Taiwan studies possible appeal of court ruling favoring U.K. fugitive
Taipei, June 7 (CNA) The Ministry of Foreign Affairs (MOFA) said Friday that it will work with the Ministry of Justice (MOJ) to study the possibility of appealing a ruling by the high court in the U.K. a day earlier denying an application by Taiwan for the extradition of British fugitive Zain Dean.
On June 6, the Scottish High Court of Judiciary ruled in a 2-1 vote that Dean cannot be extradited to Taiwan to serve a sentence.
MOFA expressed regret over the ruling, saying that while it will consult with the MOJ, it will also ask its representative office in the U.K. to contact prosecutors in Scotland to determine what further action can be taken.
Dean was convicted and sentenced to four years in prison by the Taiwan High Court in July 2012 after being found guilty in a March 2010 hit and run incident in which newspaper deliveryman, Huang Chun-teh (黃俊德) died.
Police said Dean was found to have hit Huang's motorcycle from behind when the British businessman was driving under the influence of alcohol.
After the conviction, Dean was supposed to begin serving his sentence in 2012, but fled Taiwan in August of the same year by using the passport of a British friend.
Despite there being no diplomatic ties between Taiwan and the U.K., the two countries signed a memorandum of understanding on Oct. 16, 2013 and the agreement established a foundation for Dean's extradition to Taiwan.
On the day after the MOU was signed, Dean was arrested by prosecutors in Scotland and shortly thereafter Taiwan filed an extradition request.
After his arrest, Dean remained in custody in Scotland until October 2016, when he was released on bail.
In June 2014, a district court in Scotland ruled in favor of Taiwan's request for extradition and in August the Ministry of Justice in Scotland approved Dean's extradition to Taiwan before the fugitive appealed the decision in the same month.
In September 2016, the Scottish High Court of Judiciary ruled in favor of Dean, rejecting Taiwan's extradition, but following an appeal the Supreme Court of the United Kingdom in June 2017 ordered the high court to hold a retrial.
According to Taiwan's MOJ, which also expressed regret over the latest ruling, the specialty doctrine has been at issue in Dean's extradition case. The doctrine prevents the requesting country from prosecuting the extradited person for any offenses other than those on which the surrendering country agreed to extradite.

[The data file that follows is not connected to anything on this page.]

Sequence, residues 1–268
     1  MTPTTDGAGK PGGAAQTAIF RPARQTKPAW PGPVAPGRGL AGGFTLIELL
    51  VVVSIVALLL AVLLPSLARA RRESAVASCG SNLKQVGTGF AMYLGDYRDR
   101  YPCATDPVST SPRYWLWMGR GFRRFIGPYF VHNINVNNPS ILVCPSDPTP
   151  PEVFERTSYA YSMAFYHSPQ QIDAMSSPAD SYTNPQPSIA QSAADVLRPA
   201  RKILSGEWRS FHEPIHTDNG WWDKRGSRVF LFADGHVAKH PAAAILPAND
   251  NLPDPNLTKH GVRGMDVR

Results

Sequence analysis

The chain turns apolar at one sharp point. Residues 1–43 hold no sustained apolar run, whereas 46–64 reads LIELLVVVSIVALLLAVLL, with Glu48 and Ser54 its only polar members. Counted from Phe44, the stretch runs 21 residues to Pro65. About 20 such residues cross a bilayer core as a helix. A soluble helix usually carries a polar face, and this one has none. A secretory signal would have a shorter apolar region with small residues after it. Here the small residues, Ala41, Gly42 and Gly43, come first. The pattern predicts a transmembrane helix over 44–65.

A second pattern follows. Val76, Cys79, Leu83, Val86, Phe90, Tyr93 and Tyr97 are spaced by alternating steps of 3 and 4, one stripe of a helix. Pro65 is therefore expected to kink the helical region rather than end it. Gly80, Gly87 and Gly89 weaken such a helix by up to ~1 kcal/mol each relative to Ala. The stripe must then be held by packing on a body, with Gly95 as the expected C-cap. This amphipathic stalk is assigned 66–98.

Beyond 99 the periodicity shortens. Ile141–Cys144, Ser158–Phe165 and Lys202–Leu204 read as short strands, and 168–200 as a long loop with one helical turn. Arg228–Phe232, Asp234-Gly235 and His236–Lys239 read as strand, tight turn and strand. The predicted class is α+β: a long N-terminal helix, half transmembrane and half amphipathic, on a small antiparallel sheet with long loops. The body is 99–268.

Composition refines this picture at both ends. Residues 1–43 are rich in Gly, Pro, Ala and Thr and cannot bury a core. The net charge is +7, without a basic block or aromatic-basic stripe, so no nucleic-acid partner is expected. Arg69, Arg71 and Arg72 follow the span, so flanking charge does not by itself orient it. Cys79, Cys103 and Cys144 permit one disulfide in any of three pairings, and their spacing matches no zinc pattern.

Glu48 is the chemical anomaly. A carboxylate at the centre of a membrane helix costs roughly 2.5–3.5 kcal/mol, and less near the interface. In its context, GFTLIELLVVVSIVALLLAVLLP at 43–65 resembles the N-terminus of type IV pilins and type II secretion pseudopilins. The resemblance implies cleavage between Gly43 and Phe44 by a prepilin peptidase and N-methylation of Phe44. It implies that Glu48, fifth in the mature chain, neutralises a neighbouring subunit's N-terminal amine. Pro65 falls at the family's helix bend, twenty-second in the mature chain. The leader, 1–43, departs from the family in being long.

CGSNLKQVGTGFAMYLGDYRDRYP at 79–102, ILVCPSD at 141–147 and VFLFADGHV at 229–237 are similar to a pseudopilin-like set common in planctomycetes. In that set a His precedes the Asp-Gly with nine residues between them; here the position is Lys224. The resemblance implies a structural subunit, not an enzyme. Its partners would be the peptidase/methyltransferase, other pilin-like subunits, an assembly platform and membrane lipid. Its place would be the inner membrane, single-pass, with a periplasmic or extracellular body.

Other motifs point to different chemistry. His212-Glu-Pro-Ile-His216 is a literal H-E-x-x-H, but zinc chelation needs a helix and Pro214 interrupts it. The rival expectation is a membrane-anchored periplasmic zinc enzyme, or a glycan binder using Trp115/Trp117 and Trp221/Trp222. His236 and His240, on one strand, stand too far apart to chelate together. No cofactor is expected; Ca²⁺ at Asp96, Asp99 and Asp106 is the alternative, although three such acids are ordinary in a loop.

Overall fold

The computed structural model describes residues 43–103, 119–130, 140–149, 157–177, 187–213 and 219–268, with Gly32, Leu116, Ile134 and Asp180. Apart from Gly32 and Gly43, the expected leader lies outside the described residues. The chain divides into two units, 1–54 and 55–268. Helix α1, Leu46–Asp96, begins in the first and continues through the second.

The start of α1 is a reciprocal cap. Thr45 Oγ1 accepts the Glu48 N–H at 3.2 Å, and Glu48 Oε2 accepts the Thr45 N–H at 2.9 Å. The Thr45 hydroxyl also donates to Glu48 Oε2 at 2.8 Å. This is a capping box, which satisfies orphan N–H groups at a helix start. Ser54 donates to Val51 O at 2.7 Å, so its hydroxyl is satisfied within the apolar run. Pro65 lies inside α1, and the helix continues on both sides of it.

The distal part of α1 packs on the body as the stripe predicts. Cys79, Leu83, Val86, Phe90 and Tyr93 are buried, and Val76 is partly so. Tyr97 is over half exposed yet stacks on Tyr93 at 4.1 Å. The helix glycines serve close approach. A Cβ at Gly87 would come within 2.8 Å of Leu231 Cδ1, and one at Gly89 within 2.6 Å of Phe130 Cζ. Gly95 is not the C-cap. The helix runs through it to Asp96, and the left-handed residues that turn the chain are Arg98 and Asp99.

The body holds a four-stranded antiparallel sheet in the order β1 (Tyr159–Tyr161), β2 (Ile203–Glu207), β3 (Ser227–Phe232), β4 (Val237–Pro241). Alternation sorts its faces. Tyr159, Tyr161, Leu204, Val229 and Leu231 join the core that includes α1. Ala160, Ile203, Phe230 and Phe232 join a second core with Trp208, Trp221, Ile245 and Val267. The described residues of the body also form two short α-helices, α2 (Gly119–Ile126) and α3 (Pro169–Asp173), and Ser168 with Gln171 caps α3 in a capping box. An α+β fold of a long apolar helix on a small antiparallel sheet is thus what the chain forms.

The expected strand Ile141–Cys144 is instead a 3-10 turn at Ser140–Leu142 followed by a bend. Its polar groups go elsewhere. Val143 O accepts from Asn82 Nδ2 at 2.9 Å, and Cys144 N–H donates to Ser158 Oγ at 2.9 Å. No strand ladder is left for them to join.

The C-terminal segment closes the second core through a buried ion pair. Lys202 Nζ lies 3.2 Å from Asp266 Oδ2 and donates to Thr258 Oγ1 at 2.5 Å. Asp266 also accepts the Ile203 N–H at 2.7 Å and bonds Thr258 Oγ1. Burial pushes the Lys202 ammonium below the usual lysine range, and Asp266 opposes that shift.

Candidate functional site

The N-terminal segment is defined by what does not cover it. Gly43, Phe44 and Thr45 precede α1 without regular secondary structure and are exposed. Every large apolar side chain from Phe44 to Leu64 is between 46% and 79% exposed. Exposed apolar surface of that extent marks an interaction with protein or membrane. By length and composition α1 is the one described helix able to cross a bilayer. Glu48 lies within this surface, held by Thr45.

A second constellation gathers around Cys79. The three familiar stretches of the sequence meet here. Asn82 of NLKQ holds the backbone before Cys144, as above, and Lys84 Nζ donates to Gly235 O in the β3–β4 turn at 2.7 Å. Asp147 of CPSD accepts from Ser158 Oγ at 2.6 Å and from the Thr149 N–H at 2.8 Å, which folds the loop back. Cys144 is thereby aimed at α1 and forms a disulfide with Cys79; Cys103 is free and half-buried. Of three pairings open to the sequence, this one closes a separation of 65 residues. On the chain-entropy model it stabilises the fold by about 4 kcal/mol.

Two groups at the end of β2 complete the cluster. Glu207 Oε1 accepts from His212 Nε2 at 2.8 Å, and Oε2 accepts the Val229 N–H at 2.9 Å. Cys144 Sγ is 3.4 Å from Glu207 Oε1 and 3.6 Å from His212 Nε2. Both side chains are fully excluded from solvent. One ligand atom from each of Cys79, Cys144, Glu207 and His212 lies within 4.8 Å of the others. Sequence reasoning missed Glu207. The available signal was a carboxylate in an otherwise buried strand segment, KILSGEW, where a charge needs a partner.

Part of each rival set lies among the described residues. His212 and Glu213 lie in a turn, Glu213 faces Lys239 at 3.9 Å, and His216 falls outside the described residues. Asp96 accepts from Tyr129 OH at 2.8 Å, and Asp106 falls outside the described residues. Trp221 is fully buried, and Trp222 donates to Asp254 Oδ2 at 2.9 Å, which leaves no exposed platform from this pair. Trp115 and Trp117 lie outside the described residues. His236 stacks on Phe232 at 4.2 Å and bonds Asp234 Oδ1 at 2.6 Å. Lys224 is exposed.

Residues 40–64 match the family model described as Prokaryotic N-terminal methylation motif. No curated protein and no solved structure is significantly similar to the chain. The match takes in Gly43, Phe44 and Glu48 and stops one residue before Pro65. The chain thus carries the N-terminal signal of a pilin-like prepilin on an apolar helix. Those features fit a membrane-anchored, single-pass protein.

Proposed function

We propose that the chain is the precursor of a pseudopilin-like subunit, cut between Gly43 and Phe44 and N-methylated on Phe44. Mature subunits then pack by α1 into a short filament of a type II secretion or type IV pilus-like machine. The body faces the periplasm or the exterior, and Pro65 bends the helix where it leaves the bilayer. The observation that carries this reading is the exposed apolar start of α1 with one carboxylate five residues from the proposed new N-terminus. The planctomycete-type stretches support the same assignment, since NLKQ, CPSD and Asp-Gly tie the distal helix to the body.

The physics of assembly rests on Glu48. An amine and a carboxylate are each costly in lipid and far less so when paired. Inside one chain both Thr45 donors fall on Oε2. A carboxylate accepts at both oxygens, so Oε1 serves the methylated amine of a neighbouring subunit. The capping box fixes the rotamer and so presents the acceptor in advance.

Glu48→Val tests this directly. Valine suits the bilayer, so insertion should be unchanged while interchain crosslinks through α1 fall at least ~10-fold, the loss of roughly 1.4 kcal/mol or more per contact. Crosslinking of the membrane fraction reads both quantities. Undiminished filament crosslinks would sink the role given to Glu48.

In Dean's case, Taiwan has been asked not to pursue his violation of the country's immigration law after he is extradited.
The MOJ said since Taiwan's law does not contain the concept of specialty doctrine, the court had doubts the doctrine would be adhered to after Dean's extradition.
Although Taiwan has repeatedly said it will observe the doctrine the assurance failed to persuade the high court judges, the MOJ added.
Despite the setback, the MOJ said the 2013 MOU signed with the U.K. has established a new foundation for judicial cooperation between the two countries.
In an Oct. 14, 2014 trial on Dean's extradition case in Edinburgh, Judge Kenneth Maciver said the MOU between the U.K. and Taiwan to extradite the fugitive Zain Dean demonstrates that the U.K.acknowledges Taiwan as a "territory."
Maciver added that after reviewing related documents, he firmly believed he had no need to take a different stance on the matter from that of the British government.
Echoing the MOJ, MOFA said during the six year trial on Dean's extradition, the two ministries and Taiwan representative offices in the U.K. have worked closely with prosecutors in Scotland and provided necessary assistance to Scottish judicial officers.
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